After approximately a year of meetings with CDC, Battelle (a global research and development organization) and a group of community health workers, the revamped AMIGAS program featuring up-to-date guidelines was rolled out in Spanish and English. In 2010, CDC provided Byrd and her team with the funding to conduct a clinical trial in three community settings: urban, border and rural. Houston was selected as the urban community, El Paso as the border community and Yakima, Washington as the rural community.

“The clinical trial was wildly successful,” Byrd said. “The women who had the intervention were much much more likely to get screened than women who didn’t, so CDC designated AMIGAS as a project that works and it's now available to anyone on the CDC website.”

Since the initial revamping of the AMIGAS program, Byrd said the guidelines have changed several times more. Last year, as part of a grant one of Byrd’s colleagues in El Paso received from the Cancer Prevention and Research Institute of Texas, the AMIGAS video was again updated to include information about the Human Papillomavirus (HPV) vaccine.

“Now we have an updated video that includes the vaccine and we’ve updated the materials a little bit,” Byrd said. “Now it's being used on this project in El Paso.”

Byrd also presented the AMIGAS program at a conference attended by practitioners and educators from Mexico and every country in South America, and several of those attendees are using the program in their communities. In the U.S., Byrd said AMIGAS has played an important role in an effort to significantly increase awareness about cancer screening among Hispanic women.

“They're almost caught up now with non-Hispanic white women,” Byrd said. “Another thing that's interesting about cancer and Hispanics is that for most cancers, and for cancer in general, they have a lower incidence and mortality rate than other groups. One thing we need to do is study and figure out why they're healthier than the rest of us.”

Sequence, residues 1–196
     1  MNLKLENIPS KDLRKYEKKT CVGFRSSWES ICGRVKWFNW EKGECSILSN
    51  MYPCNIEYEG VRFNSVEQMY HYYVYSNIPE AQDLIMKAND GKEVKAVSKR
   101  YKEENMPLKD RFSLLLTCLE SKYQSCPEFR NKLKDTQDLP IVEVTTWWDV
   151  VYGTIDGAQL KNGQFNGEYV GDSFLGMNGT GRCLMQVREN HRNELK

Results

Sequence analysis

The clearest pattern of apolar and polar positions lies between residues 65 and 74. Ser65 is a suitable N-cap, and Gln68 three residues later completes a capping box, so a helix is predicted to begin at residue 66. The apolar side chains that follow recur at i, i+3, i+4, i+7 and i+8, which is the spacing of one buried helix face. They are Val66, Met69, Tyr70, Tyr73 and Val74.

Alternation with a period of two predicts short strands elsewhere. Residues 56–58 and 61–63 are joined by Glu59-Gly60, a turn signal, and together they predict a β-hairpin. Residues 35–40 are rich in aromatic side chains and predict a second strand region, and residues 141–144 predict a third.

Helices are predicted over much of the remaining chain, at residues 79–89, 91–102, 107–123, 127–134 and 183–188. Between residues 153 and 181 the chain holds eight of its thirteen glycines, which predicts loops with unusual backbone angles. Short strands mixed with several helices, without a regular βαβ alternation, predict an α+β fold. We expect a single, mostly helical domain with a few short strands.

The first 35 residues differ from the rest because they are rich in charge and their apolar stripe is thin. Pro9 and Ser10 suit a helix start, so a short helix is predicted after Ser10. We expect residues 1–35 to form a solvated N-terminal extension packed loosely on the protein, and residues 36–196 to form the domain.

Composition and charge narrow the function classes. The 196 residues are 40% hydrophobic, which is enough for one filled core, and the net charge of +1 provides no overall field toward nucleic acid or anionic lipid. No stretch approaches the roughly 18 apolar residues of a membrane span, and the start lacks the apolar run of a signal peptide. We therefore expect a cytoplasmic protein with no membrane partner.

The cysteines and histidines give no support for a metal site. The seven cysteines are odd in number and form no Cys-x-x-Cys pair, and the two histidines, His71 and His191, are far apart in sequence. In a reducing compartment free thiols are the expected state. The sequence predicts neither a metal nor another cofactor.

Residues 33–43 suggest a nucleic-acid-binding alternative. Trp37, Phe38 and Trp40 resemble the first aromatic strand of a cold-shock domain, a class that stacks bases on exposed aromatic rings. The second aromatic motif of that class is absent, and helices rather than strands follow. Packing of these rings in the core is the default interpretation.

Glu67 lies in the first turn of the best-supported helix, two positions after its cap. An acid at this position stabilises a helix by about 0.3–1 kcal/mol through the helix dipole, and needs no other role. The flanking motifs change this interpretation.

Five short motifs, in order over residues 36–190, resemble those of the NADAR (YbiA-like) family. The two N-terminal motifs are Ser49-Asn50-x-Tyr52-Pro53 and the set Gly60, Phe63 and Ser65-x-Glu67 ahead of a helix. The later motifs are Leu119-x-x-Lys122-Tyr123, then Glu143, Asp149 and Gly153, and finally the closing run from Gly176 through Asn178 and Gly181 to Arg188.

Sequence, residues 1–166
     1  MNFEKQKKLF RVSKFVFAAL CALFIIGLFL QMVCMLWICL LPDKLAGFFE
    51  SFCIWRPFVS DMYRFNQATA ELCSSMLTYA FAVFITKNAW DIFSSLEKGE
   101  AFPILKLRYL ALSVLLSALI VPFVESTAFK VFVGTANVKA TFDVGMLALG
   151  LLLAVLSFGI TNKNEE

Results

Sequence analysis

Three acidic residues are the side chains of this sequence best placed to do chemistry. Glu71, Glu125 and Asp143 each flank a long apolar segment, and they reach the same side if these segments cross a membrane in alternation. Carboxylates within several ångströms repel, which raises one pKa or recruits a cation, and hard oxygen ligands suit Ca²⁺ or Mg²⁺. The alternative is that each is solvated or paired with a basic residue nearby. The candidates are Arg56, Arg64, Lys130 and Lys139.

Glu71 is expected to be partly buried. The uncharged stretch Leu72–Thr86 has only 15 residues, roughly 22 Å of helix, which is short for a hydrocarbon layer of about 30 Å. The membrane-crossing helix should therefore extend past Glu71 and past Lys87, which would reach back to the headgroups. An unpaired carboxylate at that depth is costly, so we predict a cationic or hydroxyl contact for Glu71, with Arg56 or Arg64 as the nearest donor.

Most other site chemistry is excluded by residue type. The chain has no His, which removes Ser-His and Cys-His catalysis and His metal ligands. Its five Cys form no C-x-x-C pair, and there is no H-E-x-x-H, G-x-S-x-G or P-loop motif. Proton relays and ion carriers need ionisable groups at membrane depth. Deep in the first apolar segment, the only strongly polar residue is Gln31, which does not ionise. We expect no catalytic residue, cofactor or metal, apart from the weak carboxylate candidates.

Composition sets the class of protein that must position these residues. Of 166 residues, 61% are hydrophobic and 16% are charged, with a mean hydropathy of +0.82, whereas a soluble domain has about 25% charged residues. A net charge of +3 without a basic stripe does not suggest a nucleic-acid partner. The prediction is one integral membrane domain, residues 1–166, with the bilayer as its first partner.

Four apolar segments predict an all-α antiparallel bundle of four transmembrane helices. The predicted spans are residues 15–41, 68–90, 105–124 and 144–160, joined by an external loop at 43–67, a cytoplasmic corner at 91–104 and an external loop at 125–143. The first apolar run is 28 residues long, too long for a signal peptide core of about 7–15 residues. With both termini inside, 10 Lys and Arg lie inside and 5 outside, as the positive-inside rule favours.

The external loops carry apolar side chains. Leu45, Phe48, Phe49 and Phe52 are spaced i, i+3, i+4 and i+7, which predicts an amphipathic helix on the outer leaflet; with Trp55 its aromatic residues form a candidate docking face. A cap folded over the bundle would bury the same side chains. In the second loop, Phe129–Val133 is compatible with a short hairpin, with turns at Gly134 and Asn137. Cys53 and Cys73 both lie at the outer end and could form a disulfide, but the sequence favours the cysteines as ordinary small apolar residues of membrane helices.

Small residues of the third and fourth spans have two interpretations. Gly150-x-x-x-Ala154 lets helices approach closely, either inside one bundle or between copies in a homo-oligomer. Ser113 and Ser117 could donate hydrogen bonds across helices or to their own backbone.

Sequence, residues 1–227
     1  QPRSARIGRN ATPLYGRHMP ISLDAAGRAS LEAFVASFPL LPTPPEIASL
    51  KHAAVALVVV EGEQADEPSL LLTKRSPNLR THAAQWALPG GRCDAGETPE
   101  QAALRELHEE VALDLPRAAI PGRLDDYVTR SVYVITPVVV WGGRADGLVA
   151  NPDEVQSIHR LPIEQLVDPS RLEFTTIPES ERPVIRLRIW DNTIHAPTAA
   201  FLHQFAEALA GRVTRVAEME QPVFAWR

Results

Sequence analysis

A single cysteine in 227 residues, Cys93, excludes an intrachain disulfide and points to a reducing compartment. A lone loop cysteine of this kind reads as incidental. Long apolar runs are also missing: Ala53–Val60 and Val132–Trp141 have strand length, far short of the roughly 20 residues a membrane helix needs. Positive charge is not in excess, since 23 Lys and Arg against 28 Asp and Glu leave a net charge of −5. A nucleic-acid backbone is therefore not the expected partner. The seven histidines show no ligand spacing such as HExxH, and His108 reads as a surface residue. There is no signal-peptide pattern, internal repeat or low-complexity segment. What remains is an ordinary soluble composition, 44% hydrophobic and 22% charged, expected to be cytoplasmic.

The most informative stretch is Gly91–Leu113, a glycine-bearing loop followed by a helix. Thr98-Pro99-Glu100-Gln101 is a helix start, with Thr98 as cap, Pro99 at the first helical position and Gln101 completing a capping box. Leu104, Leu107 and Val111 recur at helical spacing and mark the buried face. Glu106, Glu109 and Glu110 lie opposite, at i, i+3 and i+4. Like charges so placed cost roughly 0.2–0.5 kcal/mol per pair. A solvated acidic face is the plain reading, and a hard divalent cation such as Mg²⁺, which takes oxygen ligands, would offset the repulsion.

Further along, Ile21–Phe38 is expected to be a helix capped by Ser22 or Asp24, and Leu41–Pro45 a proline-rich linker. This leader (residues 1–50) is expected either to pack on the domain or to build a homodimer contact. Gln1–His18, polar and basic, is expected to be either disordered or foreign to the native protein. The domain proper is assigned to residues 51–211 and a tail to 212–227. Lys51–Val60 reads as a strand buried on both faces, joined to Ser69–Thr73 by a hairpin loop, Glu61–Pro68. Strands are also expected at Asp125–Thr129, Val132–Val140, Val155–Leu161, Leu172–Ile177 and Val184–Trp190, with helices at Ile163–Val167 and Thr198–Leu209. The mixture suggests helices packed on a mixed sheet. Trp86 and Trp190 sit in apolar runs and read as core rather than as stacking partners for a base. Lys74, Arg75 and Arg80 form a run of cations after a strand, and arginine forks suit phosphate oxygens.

Until the opportunity to conduct that research presents itself, Byrd will focus on expanding the reach of AMIGAS by developing it for social media platforms.

“The next thing I want to do, and I'm getting ready to write this grant, is to redevelop this program for social media so that people anywhere could have this intervention and not need to be in a place where it was being presented,” Byrd explained. “I'm going to try to get NIH funding to develop it and then work with some people in communications to try to figure out how we could make this more national.”

Graduate School of Biomedical Sciences

Graduate School of Biomedical Sciences

The Graduate School of Biomedical Sciences, originally a part of the School of Medicine, became a separate school in 1994 to coordinate the training of biomedical scientists.

A small student body, a diverse faculty and a low student-faculty ratio are factors that promote learning and encourage interaction between students. These unique factors create a highly competitive environment for students applying each year.